A common theme among all developed economies is the persistent recovery of manufacturing led by a record surge in the eurozone. Japan’s producers reported the second-strongest gain since 2018. The UK saw a marked expansion of production. The US printed a contrasted image in this improving manufacturing trend, recording the weakest expansion of production since last October. However, the slowdown appears temporary, linked mainly to supply disruptions – which hit a record high.



Towards less Financial Repression and Asset Price Inflation?

  1. Higher odds to exit Pandemic and crisis management. The timing to achieve a global herd immunity is uncertain, featuring significant disparities among countries / regions. While developed countries should reach it by end-2021, a few large emerging countries will still suffer into 2022.
  2. The Biden administration is revisiting its economic (redistributive) and foreign policies (coalition for China containment). The adoption of ambitious complementary plans in H2 would exacerbate tensions of market’s (long-term) interest rates. New taxes – less markets friendly – are unavoidable.
  3. Cyclical inflation. Oil and other cyclical raw materials prices are resurgent. Supply chains bottlenecks continue. A pronounced base effect will happen from Q2. We may experience an unbridled pickup of headline CPI in H2 2021, if pent up demand resurges strongly.
  4. Bubble formation. Financial repression and unabated liquidity injections have favored speculation and leverage. Policymakers have become growingly concerned about retail investors’ frenzy, SPACs, as well as sky-high property prices. Some central banks (Japan, Canada, New-Zealand) are preemptively reducing the intensity of ultra-accommodative stances, while the Fed is trying to dodge the issue. Noticeably, the PBoC and ECB will maintain their current stance.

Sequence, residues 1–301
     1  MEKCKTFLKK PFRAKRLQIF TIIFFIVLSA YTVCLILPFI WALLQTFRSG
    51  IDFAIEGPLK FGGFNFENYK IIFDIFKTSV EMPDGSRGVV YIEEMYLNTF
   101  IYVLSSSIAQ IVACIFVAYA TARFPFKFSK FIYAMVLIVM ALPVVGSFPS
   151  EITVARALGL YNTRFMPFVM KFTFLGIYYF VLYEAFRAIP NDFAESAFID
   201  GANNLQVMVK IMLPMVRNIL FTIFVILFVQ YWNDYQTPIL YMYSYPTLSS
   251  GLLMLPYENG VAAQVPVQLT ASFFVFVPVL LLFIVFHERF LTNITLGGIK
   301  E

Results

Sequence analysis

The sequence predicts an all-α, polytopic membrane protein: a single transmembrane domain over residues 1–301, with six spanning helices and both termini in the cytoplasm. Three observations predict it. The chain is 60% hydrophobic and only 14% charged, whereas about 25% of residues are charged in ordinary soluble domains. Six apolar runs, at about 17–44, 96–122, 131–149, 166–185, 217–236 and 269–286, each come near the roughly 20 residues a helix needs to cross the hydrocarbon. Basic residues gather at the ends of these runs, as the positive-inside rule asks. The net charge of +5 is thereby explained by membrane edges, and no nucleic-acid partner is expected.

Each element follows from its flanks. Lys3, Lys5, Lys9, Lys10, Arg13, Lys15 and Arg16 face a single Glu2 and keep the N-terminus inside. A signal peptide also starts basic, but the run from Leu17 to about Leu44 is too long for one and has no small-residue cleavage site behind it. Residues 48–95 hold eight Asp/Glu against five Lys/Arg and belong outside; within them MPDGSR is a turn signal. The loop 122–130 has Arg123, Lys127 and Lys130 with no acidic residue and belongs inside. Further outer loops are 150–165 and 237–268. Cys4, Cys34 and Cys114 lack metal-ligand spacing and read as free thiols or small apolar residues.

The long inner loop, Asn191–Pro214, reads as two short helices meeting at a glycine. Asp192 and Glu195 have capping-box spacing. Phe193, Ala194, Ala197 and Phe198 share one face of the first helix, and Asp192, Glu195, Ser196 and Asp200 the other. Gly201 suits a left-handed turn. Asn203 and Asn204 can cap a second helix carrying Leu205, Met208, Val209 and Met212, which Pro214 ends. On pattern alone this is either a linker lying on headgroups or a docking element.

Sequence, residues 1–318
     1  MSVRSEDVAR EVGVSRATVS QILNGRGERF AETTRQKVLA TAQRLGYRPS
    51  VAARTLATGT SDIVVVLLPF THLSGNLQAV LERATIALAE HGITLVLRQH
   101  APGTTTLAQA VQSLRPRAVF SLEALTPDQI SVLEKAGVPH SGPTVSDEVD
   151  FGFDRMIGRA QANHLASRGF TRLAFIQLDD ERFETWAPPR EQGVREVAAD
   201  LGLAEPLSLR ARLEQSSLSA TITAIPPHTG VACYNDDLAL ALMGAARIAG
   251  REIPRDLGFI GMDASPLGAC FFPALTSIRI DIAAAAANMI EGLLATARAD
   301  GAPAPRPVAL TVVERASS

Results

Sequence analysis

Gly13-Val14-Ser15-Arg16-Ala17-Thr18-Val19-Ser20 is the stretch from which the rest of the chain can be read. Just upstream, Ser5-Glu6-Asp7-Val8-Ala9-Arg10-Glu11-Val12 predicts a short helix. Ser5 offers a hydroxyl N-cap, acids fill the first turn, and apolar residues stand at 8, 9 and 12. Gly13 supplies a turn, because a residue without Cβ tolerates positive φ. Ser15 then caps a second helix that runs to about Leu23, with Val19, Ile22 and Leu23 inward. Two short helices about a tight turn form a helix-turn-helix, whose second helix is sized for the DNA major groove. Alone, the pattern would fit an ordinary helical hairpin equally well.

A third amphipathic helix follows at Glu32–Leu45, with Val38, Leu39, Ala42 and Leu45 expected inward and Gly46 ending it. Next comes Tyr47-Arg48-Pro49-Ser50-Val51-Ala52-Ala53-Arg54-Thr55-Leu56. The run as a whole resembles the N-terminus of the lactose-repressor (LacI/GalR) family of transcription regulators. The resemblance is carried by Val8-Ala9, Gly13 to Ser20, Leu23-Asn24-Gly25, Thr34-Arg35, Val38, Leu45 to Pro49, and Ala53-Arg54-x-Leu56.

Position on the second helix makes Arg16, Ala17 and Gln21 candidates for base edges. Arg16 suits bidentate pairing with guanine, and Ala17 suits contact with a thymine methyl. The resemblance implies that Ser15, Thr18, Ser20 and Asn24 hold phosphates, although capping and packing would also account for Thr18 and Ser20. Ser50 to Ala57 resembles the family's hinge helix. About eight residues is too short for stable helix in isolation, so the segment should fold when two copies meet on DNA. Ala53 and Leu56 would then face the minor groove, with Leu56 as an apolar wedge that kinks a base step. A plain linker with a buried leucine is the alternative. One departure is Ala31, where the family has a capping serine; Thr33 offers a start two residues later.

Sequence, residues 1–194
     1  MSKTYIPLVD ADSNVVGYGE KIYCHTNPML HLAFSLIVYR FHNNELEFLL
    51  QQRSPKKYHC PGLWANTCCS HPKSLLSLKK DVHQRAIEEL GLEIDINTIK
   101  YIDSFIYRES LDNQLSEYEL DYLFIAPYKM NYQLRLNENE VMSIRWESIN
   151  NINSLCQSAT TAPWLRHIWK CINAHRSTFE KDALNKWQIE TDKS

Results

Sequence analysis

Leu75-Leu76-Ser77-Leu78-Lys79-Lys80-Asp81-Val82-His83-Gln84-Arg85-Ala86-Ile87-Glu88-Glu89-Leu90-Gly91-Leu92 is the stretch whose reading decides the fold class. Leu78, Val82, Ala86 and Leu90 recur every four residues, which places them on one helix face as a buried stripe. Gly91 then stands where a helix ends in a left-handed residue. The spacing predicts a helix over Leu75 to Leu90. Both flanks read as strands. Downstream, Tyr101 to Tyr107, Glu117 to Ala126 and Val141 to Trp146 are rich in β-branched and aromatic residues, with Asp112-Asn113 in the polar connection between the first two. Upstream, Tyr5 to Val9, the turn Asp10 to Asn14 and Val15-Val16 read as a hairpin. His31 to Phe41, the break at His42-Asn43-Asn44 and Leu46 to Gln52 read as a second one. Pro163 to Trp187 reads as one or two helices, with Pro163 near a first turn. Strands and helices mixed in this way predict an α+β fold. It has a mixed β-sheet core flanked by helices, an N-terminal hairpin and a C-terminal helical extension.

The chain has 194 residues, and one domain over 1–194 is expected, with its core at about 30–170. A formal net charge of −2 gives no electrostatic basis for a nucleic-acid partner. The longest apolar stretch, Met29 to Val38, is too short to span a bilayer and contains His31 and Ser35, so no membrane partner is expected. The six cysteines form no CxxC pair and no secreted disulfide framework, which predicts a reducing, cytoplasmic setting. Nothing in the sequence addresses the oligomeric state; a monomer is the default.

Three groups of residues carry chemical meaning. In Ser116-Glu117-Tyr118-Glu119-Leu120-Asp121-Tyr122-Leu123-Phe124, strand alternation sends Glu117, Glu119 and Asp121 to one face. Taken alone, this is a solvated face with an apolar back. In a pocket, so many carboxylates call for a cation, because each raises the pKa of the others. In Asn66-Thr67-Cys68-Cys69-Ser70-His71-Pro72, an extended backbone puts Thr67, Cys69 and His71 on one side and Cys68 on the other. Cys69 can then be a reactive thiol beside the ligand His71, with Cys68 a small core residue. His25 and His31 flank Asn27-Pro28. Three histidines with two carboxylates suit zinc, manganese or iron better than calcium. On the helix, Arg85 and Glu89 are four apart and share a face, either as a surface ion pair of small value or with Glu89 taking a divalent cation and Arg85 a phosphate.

5. In the next 5 years, we will experience a broad adoption of digital – central bank – currencies. The launch of a crypto/e-Yuan is close (Olympic games in Beijing 2022 latest). The global fight against cash is accelerating. Euro and Yuan will growingly challenge the supremacy of the USD.

Financial conditions are still accommodative Liquidity pick Is close



New USD driver

US outperformance is USD supportive

Historically, large US Twin deficits have driven the USD lower. Over the past 50 years, each time the twin deficits have worsened, the US economy has rebounded.

The 3 last episodes were under the Reagan, Bush Jr and Obama administrations. Most of the times larger twin deficits have pushed the USD significantly lower. The only exception was under Reagan. At that tie, the main reason was that those deficits have been strongly productive. The US GDP growth sharply turned back above the 5.0% hurdle while in the 2000s it failed to achieve a significant economic boost.